HHKB Spotlight: Japan's Top Typist, Reira Matsuzuru

Have you heard of the remarkable student from Ishikawa Prefecture, near the middle of the Japanese archipelago? A three-time national champion in competitive typing, securing the title once in junior high and twice in high school. Her name is Reira Matsuzuru. Matsuzuru currently spends her days preparing for college entrance exams and for her final typing national contest as a senior high school student. And apparently, she has always had a strong attachment for HHKB. We asked her for her thoughts on using the HHKB Professional HYBRID Type-S Snow model and her assessment of the keyboard.

Competitive typing is a sport!

Matsuzuru has been awarded three times as Japan’s top competitive typist at the Mainichi Personal Computer Typing Contest, a national competition. Three qualifying contests are held each year, with tens of thousands of people participating in each enormous event. Only the top 10 qualifiers will be able to compete at the national contest held in winter.

Japan’s three-time champion, Reira Matsuzuru

Japan’s three-time champion, Reira Matsuzuru

HHKB: How are points awarded in such a contest? How does one compete?

Matsuzuru: The competition is based on how many characters of a news article you can type within the time limit of five minutes, and points are awarded according to the number of key strokes and other special points. Special points are things like a 20% point increase to the number of strokes if you had zero mistakes. If you have nine or more mistakes, you’re disqualified, so the competition tests both accuracy and speed.”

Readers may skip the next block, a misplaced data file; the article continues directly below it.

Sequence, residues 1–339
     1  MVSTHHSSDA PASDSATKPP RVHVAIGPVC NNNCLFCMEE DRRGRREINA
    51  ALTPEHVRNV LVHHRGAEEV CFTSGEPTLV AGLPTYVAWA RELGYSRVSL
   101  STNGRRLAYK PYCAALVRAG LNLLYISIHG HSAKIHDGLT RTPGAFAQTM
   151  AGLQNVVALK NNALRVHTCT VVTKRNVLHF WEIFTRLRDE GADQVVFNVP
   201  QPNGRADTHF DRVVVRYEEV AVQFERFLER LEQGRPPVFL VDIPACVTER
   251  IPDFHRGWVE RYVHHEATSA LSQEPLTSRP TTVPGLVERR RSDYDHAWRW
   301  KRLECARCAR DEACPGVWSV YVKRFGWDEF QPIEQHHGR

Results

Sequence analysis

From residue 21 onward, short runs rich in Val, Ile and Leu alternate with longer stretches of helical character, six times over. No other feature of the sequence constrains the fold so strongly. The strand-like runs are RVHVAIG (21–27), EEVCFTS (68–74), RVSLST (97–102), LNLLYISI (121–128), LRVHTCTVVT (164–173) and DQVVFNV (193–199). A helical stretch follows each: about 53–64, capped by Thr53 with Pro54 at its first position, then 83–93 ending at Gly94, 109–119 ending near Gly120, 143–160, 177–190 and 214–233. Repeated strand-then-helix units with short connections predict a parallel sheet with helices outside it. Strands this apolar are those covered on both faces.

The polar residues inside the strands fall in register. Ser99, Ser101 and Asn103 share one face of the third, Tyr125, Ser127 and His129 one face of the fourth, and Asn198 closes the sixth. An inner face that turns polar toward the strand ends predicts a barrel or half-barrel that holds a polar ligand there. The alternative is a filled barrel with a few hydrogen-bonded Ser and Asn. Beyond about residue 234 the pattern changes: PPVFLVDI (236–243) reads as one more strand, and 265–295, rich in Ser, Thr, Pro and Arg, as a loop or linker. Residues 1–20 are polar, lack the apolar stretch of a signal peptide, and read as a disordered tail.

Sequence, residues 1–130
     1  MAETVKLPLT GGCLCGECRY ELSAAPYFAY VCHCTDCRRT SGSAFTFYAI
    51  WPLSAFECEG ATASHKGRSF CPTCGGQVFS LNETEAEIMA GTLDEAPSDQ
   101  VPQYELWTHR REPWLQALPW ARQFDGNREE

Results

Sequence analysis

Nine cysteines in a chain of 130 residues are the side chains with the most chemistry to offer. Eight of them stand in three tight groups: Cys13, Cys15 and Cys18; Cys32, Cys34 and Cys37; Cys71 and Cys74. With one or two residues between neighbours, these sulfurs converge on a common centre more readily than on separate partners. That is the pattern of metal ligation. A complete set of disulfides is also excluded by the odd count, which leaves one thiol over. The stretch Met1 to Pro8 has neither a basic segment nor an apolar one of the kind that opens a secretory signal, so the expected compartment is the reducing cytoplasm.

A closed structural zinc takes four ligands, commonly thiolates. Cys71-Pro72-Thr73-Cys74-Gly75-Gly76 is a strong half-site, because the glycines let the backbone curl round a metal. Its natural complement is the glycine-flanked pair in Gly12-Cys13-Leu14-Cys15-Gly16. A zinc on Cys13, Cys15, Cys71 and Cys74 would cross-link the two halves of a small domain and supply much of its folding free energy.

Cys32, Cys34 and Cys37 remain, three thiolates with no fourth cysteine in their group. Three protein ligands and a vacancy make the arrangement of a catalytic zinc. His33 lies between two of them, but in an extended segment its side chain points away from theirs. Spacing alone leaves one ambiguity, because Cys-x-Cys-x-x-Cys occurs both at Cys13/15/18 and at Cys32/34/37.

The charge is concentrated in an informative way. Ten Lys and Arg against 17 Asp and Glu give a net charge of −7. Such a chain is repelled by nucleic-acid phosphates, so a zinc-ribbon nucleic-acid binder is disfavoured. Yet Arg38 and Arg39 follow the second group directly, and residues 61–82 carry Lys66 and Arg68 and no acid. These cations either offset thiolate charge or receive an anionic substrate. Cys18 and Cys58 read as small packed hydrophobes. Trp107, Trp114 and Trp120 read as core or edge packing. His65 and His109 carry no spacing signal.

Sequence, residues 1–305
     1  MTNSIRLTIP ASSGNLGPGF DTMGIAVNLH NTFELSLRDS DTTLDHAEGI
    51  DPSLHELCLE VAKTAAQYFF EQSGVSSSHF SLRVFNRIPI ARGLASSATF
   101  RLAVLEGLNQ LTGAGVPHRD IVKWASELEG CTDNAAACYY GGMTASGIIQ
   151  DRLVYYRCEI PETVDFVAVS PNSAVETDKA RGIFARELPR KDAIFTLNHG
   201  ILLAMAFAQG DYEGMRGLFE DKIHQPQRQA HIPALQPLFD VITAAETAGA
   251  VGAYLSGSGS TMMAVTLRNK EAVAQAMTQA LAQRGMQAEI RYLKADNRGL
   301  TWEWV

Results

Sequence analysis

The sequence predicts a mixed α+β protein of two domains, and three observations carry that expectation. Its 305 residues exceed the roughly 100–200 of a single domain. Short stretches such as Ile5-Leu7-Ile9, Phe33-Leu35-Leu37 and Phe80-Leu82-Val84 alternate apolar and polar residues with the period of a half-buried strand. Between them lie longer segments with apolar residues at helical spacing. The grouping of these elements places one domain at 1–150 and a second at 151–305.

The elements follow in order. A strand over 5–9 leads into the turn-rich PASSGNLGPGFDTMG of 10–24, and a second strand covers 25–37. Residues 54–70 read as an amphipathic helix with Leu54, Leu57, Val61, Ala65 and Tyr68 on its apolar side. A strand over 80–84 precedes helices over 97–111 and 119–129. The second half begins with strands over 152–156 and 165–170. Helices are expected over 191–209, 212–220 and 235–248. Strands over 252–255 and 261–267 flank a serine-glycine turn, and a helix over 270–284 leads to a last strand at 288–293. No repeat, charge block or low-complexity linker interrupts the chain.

Just how fast can Japan’s greatest type? Matsuzuru granted us a live demonstration!

In just one minute, she accurately typed 197 Japanese characters without any typographical errors and omissions!

HHKB: What was it that initially led you down the path of competitive typing?

Matsuzuru: Around my first year of elementary school, my mom was doing administration work, and it seemed so difficult. And I wanted to do something to help her. That’s when my mom told me about a computer class that was accepting students. Through that computer class, I was coached on typing. Thinking about it now, I’m really glad for that, as this experience prevented me from developing any weird typing habits.

Typing practice usually starts with inputting Japanese words using Roman characters. But to learn touch typing, we practice with our hands covered, so we couldn’t see them as we practiced the strokes.

By the time I was a third grader, I could type without looking at my hands, so I tried entering a typing contest that the class teacher suggested. And that’s how it all started. Although, from third through sixth grade, I wasn’t able to perform well enough to win anything. I even came in last sometimes. That period lasted for a long time, and I was repeatedly disheartened, but I think it’s because of that experience that I am who I am today.

My mom always gave me all sorts of mental support. And I received lots of letters of encouragement, which made me really happy and inspired me to keep at it.

Matsuzuru explaining how she started competitive typing

Matsuzuru explaining how she started competitive typing

I feel like I'm proficient at promptly deciding whether to type longer or shorter sentences and inputting them accurately. For Chinese characters and names, there are so many that sound the same but use different characters, but I can instantly decide which reading to use. To type quickly and accurately, I practice daily, trying to find out how far I can type without converting the characters and how to output certain Chinese characters quickly.